The six defendants were charged by the FCA with offences of conspiracy to defraud, fraud, money laundering and perverting the course of justice, as well as breaches of FSMA, and either pleaded guilty or were convicted by the jury. Sandhu, Edwards and Rea were also made subject to Serious Crime Prevention Orders, and are prohibited from involvement in financial services or the sale of any form of investment for a period of 5 years after release from prison. Sandhu, Rea, Edwards and Parker are also banned from being company directors for periods of between 7 and 14 years.
Commenting on the case, Mark Steward, Executive Director of Enforcement and Market Oversight at the FCA, said:
“These fraudsters callously targeted investors who were often elderly and vulnerable, lying to them to get them to part with significant sums of money. Despite efforts to conceal and destroy evidence, the FCA, in one of its largest ever investigations, was able to ensure that these criminals faced justice and ended up behind bars.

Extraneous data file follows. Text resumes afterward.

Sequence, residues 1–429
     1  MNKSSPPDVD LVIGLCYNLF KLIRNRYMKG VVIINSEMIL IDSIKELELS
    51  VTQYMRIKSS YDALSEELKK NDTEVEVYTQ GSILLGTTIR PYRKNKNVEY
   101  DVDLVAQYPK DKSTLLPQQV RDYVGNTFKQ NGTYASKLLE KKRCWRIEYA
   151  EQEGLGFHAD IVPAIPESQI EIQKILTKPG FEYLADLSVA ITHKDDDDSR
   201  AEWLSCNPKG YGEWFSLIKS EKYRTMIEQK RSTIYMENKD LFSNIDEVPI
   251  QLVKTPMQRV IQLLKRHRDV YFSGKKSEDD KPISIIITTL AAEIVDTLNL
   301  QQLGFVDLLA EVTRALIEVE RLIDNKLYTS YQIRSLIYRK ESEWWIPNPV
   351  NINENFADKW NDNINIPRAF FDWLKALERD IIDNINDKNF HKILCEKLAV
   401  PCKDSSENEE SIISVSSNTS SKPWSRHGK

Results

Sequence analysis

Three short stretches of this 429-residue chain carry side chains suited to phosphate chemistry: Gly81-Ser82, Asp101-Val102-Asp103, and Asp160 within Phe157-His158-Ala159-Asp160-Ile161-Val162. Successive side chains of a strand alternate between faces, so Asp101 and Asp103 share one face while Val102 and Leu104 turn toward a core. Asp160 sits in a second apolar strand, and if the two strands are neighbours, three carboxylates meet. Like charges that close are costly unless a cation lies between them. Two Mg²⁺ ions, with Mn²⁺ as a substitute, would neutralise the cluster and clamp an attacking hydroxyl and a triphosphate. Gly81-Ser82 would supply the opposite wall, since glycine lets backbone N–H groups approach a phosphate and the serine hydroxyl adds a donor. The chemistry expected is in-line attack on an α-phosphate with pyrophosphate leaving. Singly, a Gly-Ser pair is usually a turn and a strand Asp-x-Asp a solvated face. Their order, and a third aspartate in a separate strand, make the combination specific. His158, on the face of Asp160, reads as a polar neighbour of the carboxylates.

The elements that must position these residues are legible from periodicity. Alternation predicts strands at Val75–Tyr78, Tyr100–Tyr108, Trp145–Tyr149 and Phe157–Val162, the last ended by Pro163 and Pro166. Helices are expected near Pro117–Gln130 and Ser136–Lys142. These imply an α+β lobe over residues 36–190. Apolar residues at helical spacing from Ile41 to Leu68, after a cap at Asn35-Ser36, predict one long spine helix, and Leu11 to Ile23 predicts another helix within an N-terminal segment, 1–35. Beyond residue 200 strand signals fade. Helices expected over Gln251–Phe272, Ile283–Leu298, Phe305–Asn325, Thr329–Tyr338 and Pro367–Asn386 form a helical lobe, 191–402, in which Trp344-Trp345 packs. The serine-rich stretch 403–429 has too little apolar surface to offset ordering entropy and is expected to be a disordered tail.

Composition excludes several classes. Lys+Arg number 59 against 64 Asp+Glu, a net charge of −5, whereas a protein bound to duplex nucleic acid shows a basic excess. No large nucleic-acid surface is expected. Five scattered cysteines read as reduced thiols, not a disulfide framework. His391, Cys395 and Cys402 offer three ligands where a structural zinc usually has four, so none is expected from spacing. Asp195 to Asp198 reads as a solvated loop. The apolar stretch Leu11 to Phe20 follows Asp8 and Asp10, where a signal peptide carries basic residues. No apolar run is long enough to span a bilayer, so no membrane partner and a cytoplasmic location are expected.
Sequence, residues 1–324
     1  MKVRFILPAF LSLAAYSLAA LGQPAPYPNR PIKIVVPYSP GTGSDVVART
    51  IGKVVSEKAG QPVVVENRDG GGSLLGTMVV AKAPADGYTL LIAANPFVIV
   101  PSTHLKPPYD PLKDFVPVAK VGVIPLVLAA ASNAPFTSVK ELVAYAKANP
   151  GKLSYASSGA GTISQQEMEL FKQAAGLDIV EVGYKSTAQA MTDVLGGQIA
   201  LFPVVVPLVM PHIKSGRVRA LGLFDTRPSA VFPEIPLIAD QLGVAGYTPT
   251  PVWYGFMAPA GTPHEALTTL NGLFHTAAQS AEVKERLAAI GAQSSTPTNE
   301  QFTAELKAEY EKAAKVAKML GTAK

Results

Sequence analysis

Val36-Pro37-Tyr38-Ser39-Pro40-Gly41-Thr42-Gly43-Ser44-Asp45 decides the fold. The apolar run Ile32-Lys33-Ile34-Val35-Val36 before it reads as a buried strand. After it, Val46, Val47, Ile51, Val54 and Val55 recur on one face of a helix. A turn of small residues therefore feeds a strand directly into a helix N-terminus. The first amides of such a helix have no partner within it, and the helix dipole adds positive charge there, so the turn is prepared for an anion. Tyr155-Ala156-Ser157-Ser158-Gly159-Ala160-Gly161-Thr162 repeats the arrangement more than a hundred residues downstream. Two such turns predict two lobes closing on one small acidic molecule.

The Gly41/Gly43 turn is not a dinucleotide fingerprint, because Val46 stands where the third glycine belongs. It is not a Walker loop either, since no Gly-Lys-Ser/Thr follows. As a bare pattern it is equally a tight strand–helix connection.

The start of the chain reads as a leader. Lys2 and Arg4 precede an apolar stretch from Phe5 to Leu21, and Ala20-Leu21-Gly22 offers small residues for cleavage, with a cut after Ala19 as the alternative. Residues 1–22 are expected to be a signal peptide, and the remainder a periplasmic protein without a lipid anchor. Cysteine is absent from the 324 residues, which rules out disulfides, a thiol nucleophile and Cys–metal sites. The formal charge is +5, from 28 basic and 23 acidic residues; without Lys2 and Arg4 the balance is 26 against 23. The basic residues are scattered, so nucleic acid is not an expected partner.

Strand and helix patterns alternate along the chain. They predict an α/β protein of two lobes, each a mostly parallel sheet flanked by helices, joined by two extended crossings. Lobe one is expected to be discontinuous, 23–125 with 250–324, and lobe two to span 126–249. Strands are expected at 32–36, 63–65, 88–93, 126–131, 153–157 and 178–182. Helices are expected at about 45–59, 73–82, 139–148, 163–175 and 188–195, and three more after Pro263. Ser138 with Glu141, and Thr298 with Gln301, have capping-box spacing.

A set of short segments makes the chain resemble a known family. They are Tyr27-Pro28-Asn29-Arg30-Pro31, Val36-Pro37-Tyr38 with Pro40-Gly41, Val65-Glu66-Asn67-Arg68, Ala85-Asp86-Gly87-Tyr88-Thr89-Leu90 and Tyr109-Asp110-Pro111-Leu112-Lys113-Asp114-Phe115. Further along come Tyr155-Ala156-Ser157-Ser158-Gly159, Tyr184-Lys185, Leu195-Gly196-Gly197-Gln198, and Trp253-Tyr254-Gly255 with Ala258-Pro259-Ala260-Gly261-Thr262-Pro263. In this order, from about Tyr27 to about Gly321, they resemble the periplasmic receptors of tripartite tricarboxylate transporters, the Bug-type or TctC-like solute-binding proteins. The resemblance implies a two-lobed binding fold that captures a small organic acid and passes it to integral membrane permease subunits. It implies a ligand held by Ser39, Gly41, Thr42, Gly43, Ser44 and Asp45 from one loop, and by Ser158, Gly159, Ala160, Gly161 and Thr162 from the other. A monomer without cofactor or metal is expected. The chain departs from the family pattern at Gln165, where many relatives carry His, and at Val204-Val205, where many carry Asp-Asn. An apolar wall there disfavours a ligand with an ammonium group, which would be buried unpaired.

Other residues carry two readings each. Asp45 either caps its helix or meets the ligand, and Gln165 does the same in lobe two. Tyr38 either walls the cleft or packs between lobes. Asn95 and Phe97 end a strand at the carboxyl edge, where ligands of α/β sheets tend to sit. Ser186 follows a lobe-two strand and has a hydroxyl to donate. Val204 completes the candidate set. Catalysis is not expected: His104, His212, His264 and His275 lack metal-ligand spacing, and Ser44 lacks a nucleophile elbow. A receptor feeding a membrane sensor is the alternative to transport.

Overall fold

Applications under Proceeds of Crime legislation remain on foot and the FCA is determined to recover as much money from these defendants as possible for the benefit of investors.”
FCA bans former Deutsche Bank trader, Christian Bittar
On 14 September 2018, the FCA published a final notice with respect to Christian Bittar, and banned him from performing any function in relation to any regulated financial activity.
Mr Bittar formerly worked as a derivatives trader at Deutsche Bank where he traded interest rate derivative products referenced to benchmarks including the European Interbank Offered Rate (EURIBOR). Mr Bittar made requests to EURIBOR submitters to make high or low EURIBOR submissions, both internally to Deutsche Bank submitters and externally to traders at other EURIBOR panel banks. He did so to benefit the profitability of the trading positions for which he was responsible and, on occasion, the profitability of the trading positions of other traders.